The parties involved in court are Brian Olsen and two other founders of Viking Global, Andreas Halvorsen and David Ott. This case result from a dispute between the founders of a hedge fund regarding the appropriate amount owed to one of the founders upon his removal from the company. The limited liability company operating agreement that the removed founder relies upon in the contract claim of his lawsuit is unsigned. The unsigned operating agreement provides that if any one of the founders leave the company a founder is entitled to a multi-year earn out, in this case allegedly worth over $100 million. In contrast, relevant signed documents provide that a founder would receive only the entitled to his capital account and compensation owed upon leaving the company (Findlaw, 2015).
Alliances between corporate entities have become a common phenomenon in the contemporary society. Most companies have realized the need for amalgamating their fiscal and human resources for the sake of achieving a common objective Smith, D. G., & Williams, C. A. (2012). It is for this reason that Halvorsen, Ott, and Olson, all belonging to the hedge fund Tiger Management, resolved to form the Viking entities. The trio however made an oral agreement forming the operating committee of Viking the would be mandated to act upon a two-thirds vote, subject to a Halvorsen veto. The agreement entailed that Halvorsen would be entitled to a 55% profits from Viking, and Ott and Olson would each earn 22.5%. On October 1, 1999, the three partners launched two initial Viking hedge funds: Viking Global Equities LP and Viking Global Equities III Ltd.
Viking later formed performance to earn the hedge funds' performance fee in 1999. As such, Investors, Partners, and Performance signed a short-form operating agreement but declined signing the long-form operating agreements even though the draft was ready. This long-form operating agreement was never executed until it was amended and restated on January 11, 2002, since 1999. The draft stated that in case a partner or member left Viking he would only be entitled to his capital account balance and compensation owed. A time came when dispute arose among the partners concerning the unsigned Founders operating agreement. A big controversy arose when Olson was to be removed from his position at Viking, but members declined to grant him his entitlement as per the provisions of the unsigned draft agreement. Olson was then obliged to file a suit in court seeking to collect the series of six yearly payments that he claimed was his entitlement under the earnout provision of the unsigned Founders operating agreement. Though the court heard oral arguments, it orally denied the cross-motions for summary judgment in some respects, asking the defendants to provide additional authority for their argument that the available statute of frauds was to apply to an oral LLC operating agreement.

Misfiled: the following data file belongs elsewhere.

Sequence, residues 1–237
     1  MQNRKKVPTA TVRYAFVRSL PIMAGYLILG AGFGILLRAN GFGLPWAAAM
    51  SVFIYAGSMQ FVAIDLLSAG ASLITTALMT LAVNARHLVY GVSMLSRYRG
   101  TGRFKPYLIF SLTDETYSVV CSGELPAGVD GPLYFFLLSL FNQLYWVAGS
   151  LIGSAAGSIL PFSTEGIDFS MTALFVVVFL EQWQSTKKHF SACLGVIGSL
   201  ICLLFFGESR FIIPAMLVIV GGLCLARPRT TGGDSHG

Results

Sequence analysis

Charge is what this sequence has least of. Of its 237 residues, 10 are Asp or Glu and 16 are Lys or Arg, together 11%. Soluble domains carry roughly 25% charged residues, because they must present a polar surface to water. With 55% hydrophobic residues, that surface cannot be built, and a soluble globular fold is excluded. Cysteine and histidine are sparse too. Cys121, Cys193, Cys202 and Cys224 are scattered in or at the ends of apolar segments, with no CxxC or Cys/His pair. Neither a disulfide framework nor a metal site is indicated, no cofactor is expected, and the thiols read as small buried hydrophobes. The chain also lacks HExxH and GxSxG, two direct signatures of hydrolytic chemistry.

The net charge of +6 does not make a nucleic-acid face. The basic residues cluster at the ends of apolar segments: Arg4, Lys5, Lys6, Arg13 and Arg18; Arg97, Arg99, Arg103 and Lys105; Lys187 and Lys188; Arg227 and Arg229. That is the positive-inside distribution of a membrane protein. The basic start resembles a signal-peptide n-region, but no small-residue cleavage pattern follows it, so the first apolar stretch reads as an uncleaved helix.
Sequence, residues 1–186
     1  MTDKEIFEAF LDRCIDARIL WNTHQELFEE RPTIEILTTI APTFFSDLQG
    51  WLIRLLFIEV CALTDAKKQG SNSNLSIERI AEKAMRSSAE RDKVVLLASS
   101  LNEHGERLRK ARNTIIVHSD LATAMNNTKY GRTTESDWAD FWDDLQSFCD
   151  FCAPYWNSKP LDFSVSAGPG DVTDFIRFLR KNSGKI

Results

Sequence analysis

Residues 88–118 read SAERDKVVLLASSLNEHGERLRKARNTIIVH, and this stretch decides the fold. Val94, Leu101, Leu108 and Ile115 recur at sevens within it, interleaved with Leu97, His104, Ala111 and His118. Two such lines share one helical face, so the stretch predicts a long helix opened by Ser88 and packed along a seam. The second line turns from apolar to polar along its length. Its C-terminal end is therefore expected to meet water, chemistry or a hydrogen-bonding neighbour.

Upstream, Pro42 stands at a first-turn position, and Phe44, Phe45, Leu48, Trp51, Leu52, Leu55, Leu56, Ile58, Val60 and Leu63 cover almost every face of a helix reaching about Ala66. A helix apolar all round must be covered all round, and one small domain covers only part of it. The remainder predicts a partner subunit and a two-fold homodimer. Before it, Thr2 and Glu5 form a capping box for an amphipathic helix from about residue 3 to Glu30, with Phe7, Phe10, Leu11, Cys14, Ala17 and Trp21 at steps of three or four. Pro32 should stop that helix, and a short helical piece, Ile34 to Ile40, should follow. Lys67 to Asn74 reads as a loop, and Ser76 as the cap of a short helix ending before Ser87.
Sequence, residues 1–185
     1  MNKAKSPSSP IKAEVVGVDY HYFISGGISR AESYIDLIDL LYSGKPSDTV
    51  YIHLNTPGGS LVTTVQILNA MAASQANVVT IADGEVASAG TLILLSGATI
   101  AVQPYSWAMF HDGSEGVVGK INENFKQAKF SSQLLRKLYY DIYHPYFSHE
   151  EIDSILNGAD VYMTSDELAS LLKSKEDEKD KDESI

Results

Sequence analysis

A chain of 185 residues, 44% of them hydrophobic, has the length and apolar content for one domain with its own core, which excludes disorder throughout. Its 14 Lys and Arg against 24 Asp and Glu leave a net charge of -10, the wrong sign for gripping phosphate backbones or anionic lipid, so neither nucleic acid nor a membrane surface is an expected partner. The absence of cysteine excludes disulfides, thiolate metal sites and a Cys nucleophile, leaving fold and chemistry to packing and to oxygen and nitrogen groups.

The Court ruled that nothing had expressely remained to be done after one year except payment of money. Besides payment of money, it was undisputed that the unsigned Founders operating agreement also required the remaining members to maintain the economic interests of the retired members. The ourt barred the remaining members from further reduction of the retired member's economic interest, as well as barrerig Halvorsen from withdrawing a certain percentage of his funds unless his veto rights were relinquished for a period of well beyond one year.
Yes, the dissenting opinions were raised about the contrast to real estate contracts. Opponents to the courts decision proved that part performance was relatively definite, clear, and substantial. The nature of evidentiary facts categorically asserted to show part performance of an agreement that is not performable within one year, would be imprecise, vague, subjective, and therefore susceptible to fraudulent application.
I concur with the courts decision to put sanctions on Halvorsen and his party and for ruling in favor of Olson. This would be a lesson to other people who may be tempted to make such perpetrations that are aimed at defrauding partners and disgruntling them by contravening the provisions of the underlying agreements Miller, R. L. R. (2014). The law should however, emphasize the need for companies to stick to signed agreement whenever they form amalgamations to work together for certain goals.
Smith, D. G., & Williams, C. A. (2012). Business organizations: Cases, problems, and case studies. New York: Wolters Kluwer Law & Business.
Miller, R. L. R. (2014). Business law: Text and cases : the first course.
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